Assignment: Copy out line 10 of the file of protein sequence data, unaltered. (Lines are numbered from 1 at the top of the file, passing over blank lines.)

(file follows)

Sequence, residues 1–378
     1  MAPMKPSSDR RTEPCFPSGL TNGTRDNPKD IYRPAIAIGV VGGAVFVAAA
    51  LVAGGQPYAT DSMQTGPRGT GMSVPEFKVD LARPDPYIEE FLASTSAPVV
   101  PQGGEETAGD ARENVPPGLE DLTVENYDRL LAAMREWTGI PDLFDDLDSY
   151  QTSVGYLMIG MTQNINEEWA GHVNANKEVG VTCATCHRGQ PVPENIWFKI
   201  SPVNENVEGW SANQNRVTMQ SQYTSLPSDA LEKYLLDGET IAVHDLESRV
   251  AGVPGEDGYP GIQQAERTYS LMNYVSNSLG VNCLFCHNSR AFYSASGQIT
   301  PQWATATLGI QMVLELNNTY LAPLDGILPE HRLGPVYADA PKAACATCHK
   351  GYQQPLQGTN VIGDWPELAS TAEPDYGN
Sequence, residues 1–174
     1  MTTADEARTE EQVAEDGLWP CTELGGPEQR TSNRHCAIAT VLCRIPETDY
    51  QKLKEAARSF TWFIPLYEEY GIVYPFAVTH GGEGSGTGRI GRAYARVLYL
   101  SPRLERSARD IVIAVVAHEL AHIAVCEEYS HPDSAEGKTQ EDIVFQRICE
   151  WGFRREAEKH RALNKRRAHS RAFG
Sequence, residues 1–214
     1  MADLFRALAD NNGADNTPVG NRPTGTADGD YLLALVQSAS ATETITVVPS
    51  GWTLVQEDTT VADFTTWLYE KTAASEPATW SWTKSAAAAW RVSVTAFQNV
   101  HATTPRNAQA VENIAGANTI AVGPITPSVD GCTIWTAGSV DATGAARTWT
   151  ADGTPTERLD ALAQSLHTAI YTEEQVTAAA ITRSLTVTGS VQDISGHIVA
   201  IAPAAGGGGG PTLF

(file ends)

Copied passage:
Sequence, residues 1–174